By Jennifer Poff Cooper

“If you want a laid back dog that enjoys hanging on the couch watching TV, a retired racer fits the bill. All a greyhound wants is to be with its family,” says Sara Orrick, director of Star City Greyhound Adoption, Inc., in Roanoke. Its mission is to find greyhounds loving, quality, forever homes.

After meeting greyhounds in her job with PetSmart, then fostering some, Orrick fell in love with the breed. There was not a local rescue group so she started one in 1999 and achieved non-profit status a couple of years later. The organization’s funding is all adoption fees and donations. Most of its retired racers come from the track in West Virginia outside Charleston. Most people think that greyhounds are treated cruelly while racing. “Some handlers are better than others, but if your dog isn’t well-cared for, mentally as well as physically, it isn’t going to run well and make the money,” says Orrick.


Her primary duty as director is to educate the public on what great dogs retired racers are. They are raised differently and treated differently than other breeds. “It can be part of their charm, but it can also make them a little difficult to get used to living as single dogs in a home atmosphere. Greyhounds have never been alone in their lives,” she explains. For families, greyhounds are ideal because they are tolerant of children.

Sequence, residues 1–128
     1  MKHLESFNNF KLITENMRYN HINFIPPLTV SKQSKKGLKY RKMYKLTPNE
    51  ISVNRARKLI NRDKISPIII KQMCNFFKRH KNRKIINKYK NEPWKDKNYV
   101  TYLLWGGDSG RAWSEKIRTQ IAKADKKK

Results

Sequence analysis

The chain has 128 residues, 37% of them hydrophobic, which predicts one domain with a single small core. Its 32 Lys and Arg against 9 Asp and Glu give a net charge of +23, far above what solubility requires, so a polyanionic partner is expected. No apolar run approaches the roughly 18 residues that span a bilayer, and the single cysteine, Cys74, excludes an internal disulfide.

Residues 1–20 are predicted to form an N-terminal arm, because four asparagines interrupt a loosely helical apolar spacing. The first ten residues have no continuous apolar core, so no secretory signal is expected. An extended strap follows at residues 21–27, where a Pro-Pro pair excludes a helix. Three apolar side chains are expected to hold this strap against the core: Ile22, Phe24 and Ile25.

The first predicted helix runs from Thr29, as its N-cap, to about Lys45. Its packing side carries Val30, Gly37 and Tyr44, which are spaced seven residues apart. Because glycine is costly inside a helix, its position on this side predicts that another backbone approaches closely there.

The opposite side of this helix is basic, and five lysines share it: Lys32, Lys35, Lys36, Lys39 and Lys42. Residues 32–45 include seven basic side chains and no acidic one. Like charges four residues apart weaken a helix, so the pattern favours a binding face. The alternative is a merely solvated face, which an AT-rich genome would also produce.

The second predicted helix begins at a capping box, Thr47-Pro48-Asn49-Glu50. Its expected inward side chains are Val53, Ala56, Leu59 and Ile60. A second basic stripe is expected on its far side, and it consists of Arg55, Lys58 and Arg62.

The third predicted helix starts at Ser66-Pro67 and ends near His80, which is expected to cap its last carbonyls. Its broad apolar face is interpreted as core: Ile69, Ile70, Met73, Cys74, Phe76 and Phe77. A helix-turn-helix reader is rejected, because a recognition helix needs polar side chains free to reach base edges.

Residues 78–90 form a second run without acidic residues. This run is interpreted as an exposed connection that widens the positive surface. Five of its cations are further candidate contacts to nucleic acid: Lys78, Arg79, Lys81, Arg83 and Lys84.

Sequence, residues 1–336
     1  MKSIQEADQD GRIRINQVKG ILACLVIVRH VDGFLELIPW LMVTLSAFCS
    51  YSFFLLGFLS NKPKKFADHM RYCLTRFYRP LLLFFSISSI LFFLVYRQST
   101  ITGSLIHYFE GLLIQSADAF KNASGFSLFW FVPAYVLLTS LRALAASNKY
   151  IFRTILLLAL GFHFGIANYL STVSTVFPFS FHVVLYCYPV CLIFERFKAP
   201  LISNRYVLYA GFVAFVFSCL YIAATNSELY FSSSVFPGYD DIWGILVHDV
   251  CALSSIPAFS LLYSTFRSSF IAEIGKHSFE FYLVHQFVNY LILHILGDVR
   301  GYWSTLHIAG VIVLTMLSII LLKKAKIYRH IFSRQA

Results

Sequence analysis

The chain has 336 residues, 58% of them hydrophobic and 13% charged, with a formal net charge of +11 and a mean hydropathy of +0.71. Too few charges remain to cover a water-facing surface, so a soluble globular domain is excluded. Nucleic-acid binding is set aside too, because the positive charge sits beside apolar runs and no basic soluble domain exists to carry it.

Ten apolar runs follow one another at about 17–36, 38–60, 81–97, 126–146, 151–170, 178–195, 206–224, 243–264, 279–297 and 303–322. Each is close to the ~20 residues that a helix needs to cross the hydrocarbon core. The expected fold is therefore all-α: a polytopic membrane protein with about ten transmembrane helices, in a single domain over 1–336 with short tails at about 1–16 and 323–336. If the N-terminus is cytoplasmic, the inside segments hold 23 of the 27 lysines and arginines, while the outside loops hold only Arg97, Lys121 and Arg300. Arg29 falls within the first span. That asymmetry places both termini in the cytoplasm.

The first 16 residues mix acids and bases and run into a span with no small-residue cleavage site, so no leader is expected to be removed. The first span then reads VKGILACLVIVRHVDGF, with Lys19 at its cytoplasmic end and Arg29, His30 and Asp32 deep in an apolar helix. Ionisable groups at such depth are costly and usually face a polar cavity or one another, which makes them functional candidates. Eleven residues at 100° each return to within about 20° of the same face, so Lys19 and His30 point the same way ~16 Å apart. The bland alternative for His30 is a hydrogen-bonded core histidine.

New River Valley Magazine publisher Phillip Vaught is a proud greyhound owner. They are “super sweet but they can be quirky.” He shares that one of his two “refuses to walk on anything but carpet. [They have never seen slick hardwood floors.] Our whole place is hardwood, so she makes her way by a trail of scattered rugs throughout the house.”
A frequent question Orrick gets is: Why are greyhounds so skinny? “I explain that retired racers are built for speed.” Because greyhounds have thin coats and very little body fat, they prefer temperature-controlled environments and soft beds.


Star City greyhounds reside in a kennel facility where they are kept crated to feel safe. “We rented this facility for nine years until the owner passed away in January, and he left the property to the greyhounds,” says Orrick. The organization adopts out between 75 and 100 dogs per year. It has several websites and its Facebook page where it lists adoptable dogs. In the New River Valley, it takes adoptable dogs to festivals in Blacksburg plus the PetSmart in Christiansburg the second Saturday of each month.

Orrick reports that several of her greyhounds have become therapy dogs to assist autistic children and post-traumatic stress disorder victims. As she says: “Sometimes the dog you save returns the favor!”

• Most greyhound males stand 26 to 30 inches tall at the shoulder, and weigh between 65 and 85 pounds. Females stand 23 to 26 inches and weigh 50 to 65 pounds.

• The average greyhound consumes up to 2 pounds of meat per day.

• All registered racers have tattoos, and there are websites where you can enter either their racing name or tattoo and pull up their racing records.

• Greyhounds can go from 0 to 40 miles per hour in about three jumps.

• With proper care, greyhounds live 12 years or more.


Jennifer Poff Cooper is a local, freelance writer who contributes regularly to New River Valley Magazine.